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Coronavirus (COVID-19) pandemic and work


On 10 September 2021, the total volume of online job adverts remained substantially higher above pre-coronavirus (COVID-19) pandemic volume, at 128% of its February 2020 average level. The industries with the lowest amount of job adverts relative to pre-pandemic levels were "education”, “graduate” and “travel / tourism”.

Both businesses and individuals report they would prefer a "hybrid" working approach (mixture of office and homeworking) in the future. Homeworkers reported greater work-life balance, while businesses saw improvements in staff well-being as a reason to increase working from home (April to May 2021).

Read more about the economic impact of coronavirus in the economic roundup.

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Employment, furlough and income

The total volume of online job adverts on 10 September remains at 128% of its February 2020 average level

Volume of online job adverts by category, index: 100 = February 2020 average, 4 January 2019 to 10 September 2021, non-seasonally adjusted

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The total volume of online job adverts remained substantially above pre-coronavirus (COVID-19) pandemic volume, at 128% of its February 2020 average level (10 September 2021). The “transport, logistics and warehouse” category remained the industry with the highest amount of job adverts relative to its February 2020 average pre-pandemic level, at 325%.

There were five categories which were below their pre-pandemic levels, the lowest of which were "education”, “graduate” and “travel / tourism”, all at 92% of their February 2020 average level.

Last updated: 16/09/2021  

Read more about this in Economic activity and social change in the UK, real-time indicators 

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Weekly household spending fell by more than £100 on average during the coronavirus pandemic

  • UK households reduced their spending during the coronavirus (COVID-19) pandemic (in the year to March 2021) by an average of £109.10 a week. 

  • During the pandemic (in the year to March 2021), households typically saw lower levels of spending relative to income; however, higher-income households saw a larger spending drop relative to their income than those on lower incomes, providing them with greater opportunity to save or ease financial pressures.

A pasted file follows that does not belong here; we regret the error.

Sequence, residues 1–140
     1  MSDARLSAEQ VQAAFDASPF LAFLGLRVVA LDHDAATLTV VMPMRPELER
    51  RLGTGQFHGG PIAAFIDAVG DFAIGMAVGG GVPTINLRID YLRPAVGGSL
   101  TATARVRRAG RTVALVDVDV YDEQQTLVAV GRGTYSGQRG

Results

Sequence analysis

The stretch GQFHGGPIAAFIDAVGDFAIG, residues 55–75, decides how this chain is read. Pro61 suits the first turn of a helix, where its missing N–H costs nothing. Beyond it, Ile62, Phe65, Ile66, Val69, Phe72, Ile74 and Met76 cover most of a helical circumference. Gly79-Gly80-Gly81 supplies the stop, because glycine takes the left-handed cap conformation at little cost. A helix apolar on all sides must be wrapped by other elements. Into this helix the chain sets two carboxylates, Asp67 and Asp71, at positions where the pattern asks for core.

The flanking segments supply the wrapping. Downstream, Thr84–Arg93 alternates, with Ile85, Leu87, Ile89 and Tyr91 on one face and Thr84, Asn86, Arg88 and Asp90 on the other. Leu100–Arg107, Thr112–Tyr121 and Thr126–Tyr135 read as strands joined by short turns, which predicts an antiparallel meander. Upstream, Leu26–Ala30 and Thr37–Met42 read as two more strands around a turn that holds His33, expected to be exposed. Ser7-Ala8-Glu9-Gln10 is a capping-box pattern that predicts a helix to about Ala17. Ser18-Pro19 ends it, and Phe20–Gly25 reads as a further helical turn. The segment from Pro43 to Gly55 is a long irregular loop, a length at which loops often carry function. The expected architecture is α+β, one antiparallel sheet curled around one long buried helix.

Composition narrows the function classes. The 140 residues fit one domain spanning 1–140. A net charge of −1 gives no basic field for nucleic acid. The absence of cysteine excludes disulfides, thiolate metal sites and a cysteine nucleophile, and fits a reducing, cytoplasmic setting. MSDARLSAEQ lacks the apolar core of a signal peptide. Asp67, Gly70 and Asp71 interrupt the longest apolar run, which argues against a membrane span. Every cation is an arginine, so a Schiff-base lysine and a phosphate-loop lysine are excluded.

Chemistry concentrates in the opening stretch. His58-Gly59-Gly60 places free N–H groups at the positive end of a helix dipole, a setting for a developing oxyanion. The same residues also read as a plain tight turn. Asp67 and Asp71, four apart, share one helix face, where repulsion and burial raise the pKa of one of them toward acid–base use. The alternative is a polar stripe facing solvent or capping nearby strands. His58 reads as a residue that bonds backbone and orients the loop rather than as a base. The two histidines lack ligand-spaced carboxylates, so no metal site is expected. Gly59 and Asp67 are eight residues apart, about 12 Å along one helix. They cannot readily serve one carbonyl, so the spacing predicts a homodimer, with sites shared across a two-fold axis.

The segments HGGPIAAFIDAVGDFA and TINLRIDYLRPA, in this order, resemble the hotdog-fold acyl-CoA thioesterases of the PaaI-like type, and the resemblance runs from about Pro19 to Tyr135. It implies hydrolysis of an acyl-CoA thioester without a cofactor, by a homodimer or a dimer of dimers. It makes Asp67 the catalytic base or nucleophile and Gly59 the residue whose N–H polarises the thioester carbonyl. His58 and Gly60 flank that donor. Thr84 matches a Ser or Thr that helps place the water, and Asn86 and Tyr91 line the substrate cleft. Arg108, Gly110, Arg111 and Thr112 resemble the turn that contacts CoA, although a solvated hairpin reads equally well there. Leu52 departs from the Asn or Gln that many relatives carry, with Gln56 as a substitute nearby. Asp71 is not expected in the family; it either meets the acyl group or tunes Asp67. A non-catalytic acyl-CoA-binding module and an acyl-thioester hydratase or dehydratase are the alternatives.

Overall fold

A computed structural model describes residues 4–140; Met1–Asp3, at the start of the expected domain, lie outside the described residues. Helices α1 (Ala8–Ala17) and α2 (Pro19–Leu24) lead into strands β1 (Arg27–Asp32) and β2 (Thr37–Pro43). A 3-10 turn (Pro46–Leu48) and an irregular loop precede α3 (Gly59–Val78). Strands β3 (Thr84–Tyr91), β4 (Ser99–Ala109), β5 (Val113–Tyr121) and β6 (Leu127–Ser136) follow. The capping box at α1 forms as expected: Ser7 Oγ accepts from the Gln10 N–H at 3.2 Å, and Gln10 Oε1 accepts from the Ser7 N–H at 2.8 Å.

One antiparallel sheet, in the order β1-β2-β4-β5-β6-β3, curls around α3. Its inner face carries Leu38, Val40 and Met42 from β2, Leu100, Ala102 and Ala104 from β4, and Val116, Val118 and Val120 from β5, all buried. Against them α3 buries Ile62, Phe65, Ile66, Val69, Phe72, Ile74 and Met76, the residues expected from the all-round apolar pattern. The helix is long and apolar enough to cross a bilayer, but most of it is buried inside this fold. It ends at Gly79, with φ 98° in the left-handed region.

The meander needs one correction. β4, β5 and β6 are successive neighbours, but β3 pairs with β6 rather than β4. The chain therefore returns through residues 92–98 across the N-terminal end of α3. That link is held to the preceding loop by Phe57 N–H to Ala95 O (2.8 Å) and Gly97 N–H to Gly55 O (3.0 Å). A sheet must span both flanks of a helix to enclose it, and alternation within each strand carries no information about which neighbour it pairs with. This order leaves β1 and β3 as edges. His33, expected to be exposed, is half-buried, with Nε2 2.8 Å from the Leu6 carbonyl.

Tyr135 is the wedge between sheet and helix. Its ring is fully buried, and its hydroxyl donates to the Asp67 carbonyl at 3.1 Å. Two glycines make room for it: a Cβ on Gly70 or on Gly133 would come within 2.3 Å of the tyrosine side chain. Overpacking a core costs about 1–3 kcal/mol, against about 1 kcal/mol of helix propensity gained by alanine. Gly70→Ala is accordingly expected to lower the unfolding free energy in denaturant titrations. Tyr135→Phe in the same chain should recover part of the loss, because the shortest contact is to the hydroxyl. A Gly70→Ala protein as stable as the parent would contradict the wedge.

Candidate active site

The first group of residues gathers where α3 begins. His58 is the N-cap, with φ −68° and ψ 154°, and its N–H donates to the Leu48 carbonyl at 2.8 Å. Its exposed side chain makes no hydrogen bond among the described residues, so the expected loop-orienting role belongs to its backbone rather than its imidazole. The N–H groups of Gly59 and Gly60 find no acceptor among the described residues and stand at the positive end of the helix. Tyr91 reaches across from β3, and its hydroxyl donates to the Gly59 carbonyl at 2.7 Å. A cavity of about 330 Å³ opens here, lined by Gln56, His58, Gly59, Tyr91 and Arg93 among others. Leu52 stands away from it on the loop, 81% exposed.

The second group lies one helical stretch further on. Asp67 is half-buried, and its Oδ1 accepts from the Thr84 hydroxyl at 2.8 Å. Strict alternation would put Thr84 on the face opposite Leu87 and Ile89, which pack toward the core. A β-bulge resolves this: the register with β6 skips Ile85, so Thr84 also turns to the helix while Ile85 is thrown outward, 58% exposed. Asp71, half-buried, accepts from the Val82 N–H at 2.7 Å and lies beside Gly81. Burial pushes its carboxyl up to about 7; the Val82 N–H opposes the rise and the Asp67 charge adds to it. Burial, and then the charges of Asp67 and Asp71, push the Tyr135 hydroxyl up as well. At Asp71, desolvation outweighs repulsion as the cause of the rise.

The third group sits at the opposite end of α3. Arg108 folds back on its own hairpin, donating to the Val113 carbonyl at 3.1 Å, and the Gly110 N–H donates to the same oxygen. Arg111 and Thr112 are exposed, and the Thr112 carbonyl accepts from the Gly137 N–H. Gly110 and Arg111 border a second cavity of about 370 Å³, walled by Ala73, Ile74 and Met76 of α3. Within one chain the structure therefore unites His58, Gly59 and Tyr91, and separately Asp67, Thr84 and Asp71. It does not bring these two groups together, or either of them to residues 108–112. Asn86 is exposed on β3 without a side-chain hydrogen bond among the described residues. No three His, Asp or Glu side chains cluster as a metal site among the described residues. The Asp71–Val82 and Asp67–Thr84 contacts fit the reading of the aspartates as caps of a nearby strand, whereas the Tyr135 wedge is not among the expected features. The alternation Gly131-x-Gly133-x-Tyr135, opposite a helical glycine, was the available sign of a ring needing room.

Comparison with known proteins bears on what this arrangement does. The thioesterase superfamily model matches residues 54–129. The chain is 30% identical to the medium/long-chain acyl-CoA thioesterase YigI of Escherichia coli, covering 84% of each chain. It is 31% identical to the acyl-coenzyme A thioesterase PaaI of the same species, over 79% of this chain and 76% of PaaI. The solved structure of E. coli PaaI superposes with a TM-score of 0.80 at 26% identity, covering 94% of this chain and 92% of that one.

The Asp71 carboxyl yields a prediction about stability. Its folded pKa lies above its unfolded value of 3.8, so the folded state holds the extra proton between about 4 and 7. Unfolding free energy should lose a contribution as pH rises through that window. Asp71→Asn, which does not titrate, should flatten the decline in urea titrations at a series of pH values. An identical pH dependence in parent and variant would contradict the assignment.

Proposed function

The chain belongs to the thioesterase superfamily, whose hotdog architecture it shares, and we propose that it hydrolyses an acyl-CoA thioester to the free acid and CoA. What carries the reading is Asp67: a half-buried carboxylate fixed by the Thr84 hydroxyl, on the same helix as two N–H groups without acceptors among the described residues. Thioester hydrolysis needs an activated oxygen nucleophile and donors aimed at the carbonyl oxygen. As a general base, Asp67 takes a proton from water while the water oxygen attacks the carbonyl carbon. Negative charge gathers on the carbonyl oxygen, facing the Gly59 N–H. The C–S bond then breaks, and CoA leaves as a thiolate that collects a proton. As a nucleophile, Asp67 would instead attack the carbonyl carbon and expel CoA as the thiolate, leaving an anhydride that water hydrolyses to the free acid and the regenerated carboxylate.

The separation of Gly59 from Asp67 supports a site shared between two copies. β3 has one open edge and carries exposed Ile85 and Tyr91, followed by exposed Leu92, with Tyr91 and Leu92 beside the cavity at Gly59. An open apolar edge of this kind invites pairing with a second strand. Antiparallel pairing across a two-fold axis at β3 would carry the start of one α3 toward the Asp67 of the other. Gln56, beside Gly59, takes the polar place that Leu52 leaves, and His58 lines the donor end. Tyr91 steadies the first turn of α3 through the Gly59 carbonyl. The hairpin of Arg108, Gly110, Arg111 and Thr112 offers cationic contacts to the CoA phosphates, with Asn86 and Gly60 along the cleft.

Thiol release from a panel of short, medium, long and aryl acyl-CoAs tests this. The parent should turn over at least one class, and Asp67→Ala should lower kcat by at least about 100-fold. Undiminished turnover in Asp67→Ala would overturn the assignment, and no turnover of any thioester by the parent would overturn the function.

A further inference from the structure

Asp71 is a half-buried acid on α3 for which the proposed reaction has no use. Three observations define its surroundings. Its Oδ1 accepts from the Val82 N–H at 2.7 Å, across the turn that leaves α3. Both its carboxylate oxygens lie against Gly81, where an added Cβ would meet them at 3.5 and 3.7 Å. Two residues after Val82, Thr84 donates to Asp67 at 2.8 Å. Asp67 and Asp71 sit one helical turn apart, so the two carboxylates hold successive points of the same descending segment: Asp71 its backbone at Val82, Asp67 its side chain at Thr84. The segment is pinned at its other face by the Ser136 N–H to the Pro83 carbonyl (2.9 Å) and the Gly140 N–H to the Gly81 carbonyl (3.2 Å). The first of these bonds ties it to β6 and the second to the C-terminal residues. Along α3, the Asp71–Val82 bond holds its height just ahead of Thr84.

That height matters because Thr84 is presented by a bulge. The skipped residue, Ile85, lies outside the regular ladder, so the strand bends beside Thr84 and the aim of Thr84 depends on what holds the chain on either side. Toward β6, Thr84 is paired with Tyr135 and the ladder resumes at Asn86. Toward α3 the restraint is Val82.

• Younger people were more likely to report financial pressures than older age groups in the pandemic, with people aged under 35 years most likely to find keeping up with bills a burden (May 2020 to February 2021). 

  • Between May 2020 and February 2021, those of Black ethnicity were the most likely to report falling behind with many bills (3%), and to find keeping up with bills a heavy burden (20%) – a higher proportion than in the whole population.

Last updated: 13/09/2021

Read more about this in Coronavirus and the impact on household finances and living standards

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Working adults on the lowest incomes were most likely to see a fall in household income

Economically active adults’ change in household income in financial year ending (FYE) 2021 compared with FYE 2020, by income quintile, Great Britain

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While many households saw their spending fall during the pandemic (in the year to March 2021), substantial changes in the economy meant that many also saw their income fall. Workers on lower incomes were more likely to report decreases in income in the year to March 2021 compared with the previous financial year; 42% of those on the lowest incomes reported a decrease, compared with 31% of those on the highest incomes.

This could be because of the types of jobs in different income groups. Workers on lower incomes were more likely to be furloughed and less likely to be able to work from home than those on higher incomes. People on higher incomes were also more likely to be paid in full if they were unable to work, compared with those on lower incomes.

Last updated: 13/09/2021